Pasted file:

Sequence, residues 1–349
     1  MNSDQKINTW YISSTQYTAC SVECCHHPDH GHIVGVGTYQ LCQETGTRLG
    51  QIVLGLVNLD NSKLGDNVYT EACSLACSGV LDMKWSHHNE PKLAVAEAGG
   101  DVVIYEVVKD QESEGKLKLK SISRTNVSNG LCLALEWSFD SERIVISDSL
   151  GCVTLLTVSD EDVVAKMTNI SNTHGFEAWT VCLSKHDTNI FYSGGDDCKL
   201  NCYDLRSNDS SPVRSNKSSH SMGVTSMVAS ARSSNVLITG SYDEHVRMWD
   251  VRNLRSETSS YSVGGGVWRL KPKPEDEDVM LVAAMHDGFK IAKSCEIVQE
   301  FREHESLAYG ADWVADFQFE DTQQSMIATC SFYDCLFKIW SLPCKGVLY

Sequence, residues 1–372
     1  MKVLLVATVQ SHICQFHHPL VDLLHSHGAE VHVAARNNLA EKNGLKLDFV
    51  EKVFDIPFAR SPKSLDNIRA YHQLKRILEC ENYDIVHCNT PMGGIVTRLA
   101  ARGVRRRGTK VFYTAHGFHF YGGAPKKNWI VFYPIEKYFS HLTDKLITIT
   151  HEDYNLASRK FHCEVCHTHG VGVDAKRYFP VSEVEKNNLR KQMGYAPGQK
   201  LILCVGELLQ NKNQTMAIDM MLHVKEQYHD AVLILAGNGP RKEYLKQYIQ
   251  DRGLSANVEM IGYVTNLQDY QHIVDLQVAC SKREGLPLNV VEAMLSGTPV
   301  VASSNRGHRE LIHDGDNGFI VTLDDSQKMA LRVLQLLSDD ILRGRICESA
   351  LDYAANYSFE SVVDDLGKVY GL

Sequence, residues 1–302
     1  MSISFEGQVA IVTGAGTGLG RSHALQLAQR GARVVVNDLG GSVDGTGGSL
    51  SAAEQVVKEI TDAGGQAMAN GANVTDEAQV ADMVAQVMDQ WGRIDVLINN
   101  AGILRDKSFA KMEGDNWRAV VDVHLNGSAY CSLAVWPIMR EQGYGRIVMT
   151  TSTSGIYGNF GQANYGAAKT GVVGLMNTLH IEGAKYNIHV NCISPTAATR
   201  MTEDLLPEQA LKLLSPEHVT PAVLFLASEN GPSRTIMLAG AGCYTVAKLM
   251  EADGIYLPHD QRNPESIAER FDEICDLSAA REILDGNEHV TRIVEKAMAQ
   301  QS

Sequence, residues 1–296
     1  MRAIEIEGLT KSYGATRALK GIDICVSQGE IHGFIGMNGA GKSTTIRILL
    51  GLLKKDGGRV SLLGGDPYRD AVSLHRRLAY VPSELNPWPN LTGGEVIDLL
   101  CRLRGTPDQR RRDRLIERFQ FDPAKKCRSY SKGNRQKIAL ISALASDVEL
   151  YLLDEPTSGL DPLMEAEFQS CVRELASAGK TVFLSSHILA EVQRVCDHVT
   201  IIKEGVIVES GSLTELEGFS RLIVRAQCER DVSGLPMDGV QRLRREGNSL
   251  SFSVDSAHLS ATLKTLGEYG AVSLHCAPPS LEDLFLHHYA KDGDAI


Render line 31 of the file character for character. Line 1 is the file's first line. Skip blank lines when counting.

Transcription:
   201  IIKEGVIVES GSLTELEGFS RLIVRAQCER DVSGLPMDGV QRLRREGNSL